Another thing you can do, although you shouldn't need to if you have taped the plugs and left a message inside the box, is to physically disconnect the wires from underneath the screw terminals. But if you do that, you need to tape the ends of the wires so they cannot short out against each other — or anything else — inside the box. One other thing you can do is to wrap a long nylon tie-wrap completely around the box so that the box cannot be opened without cutting the tie-wrap. In other words, anything you can do to give a phone company employee second thoughts about opening the box and/or reconnecting the plug can't hurt.

If you ever sell your home, remember to reverse what you have done, so the new owner doesn't have to pay the phone company some outrageous sum to come out and take the tape off of your plug (note that if the tape has left sticky residue on the plug, you might want to clean the plug with a little WD-40 on a rag to remove the adhesive, followed by denatured alcohol to remove the WD-40! And, let ther alcohol dry completely before you plug the plug back into the jack – alcohol and sparks are an explosive combination!).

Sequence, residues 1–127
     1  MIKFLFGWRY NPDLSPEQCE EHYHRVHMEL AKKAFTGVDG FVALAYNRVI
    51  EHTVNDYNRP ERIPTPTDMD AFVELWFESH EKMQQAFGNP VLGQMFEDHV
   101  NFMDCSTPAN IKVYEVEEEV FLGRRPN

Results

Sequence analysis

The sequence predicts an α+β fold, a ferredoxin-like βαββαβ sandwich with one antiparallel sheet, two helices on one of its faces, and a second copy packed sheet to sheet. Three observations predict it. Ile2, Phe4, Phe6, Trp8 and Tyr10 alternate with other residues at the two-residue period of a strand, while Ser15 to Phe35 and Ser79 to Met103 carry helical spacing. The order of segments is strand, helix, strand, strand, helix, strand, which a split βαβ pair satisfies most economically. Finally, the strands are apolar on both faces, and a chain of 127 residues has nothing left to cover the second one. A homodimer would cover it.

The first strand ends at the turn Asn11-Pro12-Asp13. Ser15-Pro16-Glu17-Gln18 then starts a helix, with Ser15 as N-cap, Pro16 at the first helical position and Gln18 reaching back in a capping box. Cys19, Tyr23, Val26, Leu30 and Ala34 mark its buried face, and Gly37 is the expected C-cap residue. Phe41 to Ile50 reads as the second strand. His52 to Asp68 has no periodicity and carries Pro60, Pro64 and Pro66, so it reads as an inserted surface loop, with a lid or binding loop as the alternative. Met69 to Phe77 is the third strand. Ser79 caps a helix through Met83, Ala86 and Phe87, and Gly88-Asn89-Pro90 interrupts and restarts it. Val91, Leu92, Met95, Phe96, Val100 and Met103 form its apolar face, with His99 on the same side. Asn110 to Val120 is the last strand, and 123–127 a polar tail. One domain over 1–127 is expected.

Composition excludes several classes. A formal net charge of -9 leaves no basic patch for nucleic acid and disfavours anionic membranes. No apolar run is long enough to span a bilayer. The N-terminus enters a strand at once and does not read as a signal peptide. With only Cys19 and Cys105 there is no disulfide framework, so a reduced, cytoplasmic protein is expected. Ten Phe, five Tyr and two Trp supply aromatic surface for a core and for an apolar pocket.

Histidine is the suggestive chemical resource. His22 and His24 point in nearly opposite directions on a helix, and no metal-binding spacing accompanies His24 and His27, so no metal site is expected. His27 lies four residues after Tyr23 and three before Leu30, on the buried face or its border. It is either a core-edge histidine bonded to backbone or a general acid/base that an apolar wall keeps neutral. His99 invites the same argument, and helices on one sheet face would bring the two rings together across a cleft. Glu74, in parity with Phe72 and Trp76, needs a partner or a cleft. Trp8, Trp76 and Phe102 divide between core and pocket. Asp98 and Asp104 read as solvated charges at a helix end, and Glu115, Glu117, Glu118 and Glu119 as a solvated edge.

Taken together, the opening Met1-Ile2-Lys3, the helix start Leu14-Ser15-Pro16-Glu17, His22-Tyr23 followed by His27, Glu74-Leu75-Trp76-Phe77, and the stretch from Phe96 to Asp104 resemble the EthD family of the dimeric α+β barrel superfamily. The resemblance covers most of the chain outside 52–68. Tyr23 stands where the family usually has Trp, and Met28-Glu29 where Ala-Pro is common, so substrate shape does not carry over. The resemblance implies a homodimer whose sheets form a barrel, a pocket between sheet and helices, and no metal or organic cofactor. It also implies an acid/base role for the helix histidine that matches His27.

Anyway, once you have disconnected all the lines inside the network interface box, pick up a phone inside the home (that is plugged into a previously working jack) and you should hear nothing — the line should be totally dead. If it isn't, something is wrong and you should stop right there and get a telephone technician out to check the inside wiring in your home (assuming you can't figure out the source of the problem yourself).


Plugging VoIP in

Now that you know the line is dead, plug your VoIP telephone adaptor (the ATA or DTA) into any one of the telephone jacks in your home (using a standard telephone line cord). Connect standard telephones into the other jacks into the other jacks in your home and your whole house is now wired for VoIP.

Remember, there may be a limitation on the number of telephone ringers that can be powered by any given device, so turn off the ringers on as many phones as you can to begin with. You can then have someone call you and while the phone is ringing, turn ringers you need on one at a time and see if it causes the volume of the other ringers to decrease. If you switch on a ringer and all the other phones stop ringing, that ringer probably draws too much current (or else you have simply exceeded the number of ringers the device can handle) and you should avoid leaving it switched on.